Air Commodore Jack Haines

The Scotsman, December 22, 2017 | Go to article overview

Air Commodore Jack Haines


Air Commodore Jack Haines RAF (Retd) OBE DL. Born 17 October 1945 in Gravesend, Kent. Died: 12 December 2017 in Fife, aged 72.

Air Commodore Jack Haines has died after a long illness. He was diagnosed with Alzheimer's disease 13 years ago.

Born in Gravesend, Kent, he was educated at Sir Roger Manwood's School, Sandwich, Kent where he gained many sports colours in track events, rugby and cricket. He was commissioned into the Royal Air Force in July 1964, where he served for 38 years as a navigator flying fast jet aircraft.

He began his flying career at RAF Leuchars in 1965 where he trained to fly the Javelin before serving on No 64 Squadron at RAF Tengah in Singapore until May 1967. He was then selected for an exchange tour with the Royal Navy, during which he flew Sea Vixens with 892 and 899 Naval Air Squadrons on HMS Hermes and HMS Eagle respectively.

He returned to Leuchars in 1969 on 43 Squadron and began his long association with the much respected Phantom F4. He left Leuchars in 1972 for an exchange tour with the United States Marine Corps in Beaufort, South Carolina. Promoted to Squadron Leader on his return in 1975, he served as the Navigational Radar leader on 23 Squadron at RAF Wattisham until he left the cockpit environment early in 1979 for another exchange tour with the Royal Navy as the Royal Air Force Staff Officer to the Flag Officer. The post involved several months away a sea.

He attended Staff College in 1981 and then, after "flying" the Phantom desk at Headquarters Strike Command, was delighted to return to the front line again at RAF Leuchars in early 1984 as Officer Commanding Operations Wing, a role he held for three years.

Leaving Leuchars at the end of 1987, he then entered the Nato Forum and served in the Operations Division at The Supreme Headquarters Allied Powers Europe (Shape) in Belgium for another three years. On promotion to Group Captain he returned to East Anglia to command RAF Neatishead until 1993, when he returned to Nato Headquarters in Brussels as part of the International Military Staff. He was engaged exclusively in the political/military aspects of Nato's involvement in the tragedy in Bosnia Herzegovina.

Promotion after this tour at the end of 1995 brought the new Air Commodore back to Leuchars for the fourth time to a dual role of Commanding the Station and also the Air Officer Scotland and Northern Ireland. The Tornado fighter had replaced the Phantom and he became fully operational in this new fighter aged 50. …

The rest of this article is only available to active members of Questia

Already a member? Log in now.

Notes for this article

Add a new note
If you are trying to select text to create highlights or citations, remember that you must now click or tap on the first word, and then click or tap on the last word.
One moment ...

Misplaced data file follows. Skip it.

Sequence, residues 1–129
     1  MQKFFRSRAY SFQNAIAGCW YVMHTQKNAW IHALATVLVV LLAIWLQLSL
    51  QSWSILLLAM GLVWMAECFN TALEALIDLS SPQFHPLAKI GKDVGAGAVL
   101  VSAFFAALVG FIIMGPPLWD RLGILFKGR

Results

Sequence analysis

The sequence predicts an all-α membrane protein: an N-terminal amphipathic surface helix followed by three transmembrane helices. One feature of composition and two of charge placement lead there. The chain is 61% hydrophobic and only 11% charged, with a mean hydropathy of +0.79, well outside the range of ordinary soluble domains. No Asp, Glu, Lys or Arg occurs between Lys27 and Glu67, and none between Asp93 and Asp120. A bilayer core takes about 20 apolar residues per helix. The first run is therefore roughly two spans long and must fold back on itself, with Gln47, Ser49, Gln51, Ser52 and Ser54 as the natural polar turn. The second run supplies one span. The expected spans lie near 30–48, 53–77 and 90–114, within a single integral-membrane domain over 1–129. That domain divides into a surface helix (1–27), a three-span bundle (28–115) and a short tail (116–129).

Default project is now your active project.
Project items
Notes
Cite this article

Cited article

Style
Citations are available only to our active members.
Buy instant access to cite pages or passages in MLA 8, MLA 7, APA and Chicago citation styles.

(Einhorn, 1992, p. 25)

(Einhorn 25)

(Einhorn 25)

1. Lois J. Einhorn, Abraham Lincoln, the Orator: Penetrating the Lincoln Legend (Westport, CT: Greenwood Press, 1992), 25, http://www.questia.com/read/27419298.

Note: primary sources have slightly different requirements for citation. Please see these guidelines for more information.

Cited article

Air Commodore Jack Haines
Settings

Settings

Typeface
Text size Smaller Larger Reset View mode
Search within

Search within this article

Look up

Look up a word

  • Dictionary
  • Thesaurus
Please submit a word or phrase above.
Print this page

Print this page

Why can't I print more than one page at a time?

Help
Full screen
Items saved from this article
  • Highlights & Notes
  • Citations
Some of your highlights are legacy items.

Highlights saved before July 30, 2012 will not be displayed on their respective source pages.

You can easily re-create the highlights by opening the book page or article, selecting the text, and clicking “Highlight.”

matching results for page

    Questia reader help

    How to highlight and cite specific passages

    1. Click or tap the first word you want to select.
    2. Click or tap the last word you want to select, and you’ll see everything in between get selected.
    3. You’ll then get a menu of options like creating a highlight or a citation from that passage of text.

    OK, got it!

    Cited passage

    Style
    Citations are available only to our active members.
    Buy instant access to cite pages or passages in MLA 8, MLA 7, APA and Chicago citation styles.

    "Portraying himself as an honest, ordinary person helped Lincoln identify with his audiences." (Einhorn, 1992, p. 25).

    "Portraying himself as an honest, ordinary person helped Lincoln identify with his audiences." (Einhorn 25)

    "Portraying himself as an honest, ordinary person helped Lincoln identify with his audiences." (Einhorn 25)

    "Portraying himself as an honest, ordinary person helped Lincoln identify with his audiences."1

    1. Lois J. Einhorn, Abraham Lincoln, the Orator: Penetrating the Lincoln Legend (Westport, CT: Greenwood Press, 1992), 25, http://www.questia.com/read/27419298.

    Cited passage

    Thanks for trying Questia!

    Please continue trying out our research tools, but please note, full functionality is available only to our active members.

    Your work will be lost once you leave this Web page.

    Buy instant access to save your work.

    Already a member? Log in now.

    Search by... Author
    Show... All Results Primary Sources Peer-reviewed

    Oops!

    An unknown error has occurred. Please click the button below to reload the page. If the problem persists, please try again in a little while.